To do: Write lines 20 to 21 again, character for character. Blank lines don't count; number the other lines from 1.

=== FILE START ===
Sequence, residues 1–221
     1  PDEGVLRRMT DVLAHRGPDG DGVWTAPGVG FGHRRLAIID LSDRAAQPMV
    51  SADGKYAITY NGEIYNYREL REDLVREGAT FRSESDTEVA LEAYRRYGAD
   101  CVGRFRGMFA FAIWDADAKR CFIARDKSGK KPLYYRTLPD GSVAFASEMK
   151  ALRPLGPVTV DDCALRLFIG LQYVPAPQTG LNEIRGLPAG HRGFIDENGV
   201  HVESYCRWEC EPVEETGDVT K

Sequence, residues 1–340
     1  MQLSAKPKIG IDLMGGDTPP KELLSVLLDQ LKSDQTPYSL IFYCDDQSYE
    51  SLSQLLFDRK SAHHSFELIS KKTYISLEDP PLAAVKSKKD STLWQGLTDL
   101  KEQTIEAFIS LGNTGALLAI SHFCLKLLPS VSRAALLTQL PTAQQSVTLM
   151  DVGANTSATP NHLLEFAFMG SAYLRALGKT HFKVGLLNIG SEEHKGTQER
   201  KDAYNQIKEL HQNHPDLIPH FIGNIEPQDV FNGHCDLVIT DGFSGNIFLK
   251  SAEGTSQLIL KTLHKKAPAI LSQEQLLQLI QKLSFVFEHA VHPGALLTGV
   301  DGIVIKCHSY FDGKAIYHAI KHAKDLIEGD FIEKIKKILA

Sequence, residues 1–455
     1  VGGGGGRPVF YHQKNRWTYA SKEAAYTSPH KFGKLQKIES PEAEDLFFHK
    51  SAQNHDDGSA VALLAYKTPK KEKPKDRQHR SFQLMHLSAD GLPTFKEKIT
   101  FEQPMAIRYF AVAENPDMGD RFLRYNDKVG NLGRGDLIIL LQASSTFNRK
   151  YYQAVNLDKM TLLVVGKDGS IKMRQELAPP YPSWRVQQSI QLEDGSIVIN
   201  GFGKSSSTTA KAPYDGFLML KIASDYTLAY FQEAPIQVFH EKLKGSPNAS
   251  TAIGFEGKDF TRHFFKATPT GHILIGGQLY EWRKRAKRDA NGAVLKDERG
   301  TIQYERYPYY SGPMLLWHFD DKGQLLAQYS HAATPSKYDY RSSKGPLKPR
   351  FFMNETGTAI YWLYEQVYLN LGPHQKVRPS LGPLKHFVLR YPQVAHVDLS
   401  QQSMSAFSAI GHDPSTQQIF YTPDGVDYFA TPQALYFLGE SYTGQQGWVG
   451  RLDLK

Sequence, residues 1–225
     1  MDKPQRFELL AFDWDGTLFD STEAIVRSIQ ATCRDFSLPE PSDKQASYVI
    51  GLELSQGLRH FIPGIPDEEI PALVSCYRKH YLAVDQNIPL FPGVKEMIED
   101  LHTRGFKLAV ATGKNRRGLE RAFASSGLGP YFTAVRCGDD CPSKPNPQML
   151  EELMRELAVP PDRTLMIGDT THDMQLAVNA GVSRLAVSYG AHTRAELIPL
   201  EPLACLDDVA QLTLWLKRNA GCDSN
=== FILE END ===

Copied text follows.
   201  GFGKSSSTTA KAPYDGFLML KIASDYTLAY FQEAPIQVFH EKLKGSPNAS
   251  TAIGFEGKDF TRHFFKATPT GHILIGGQLY EWRKRAKRDA NGAVLKDERG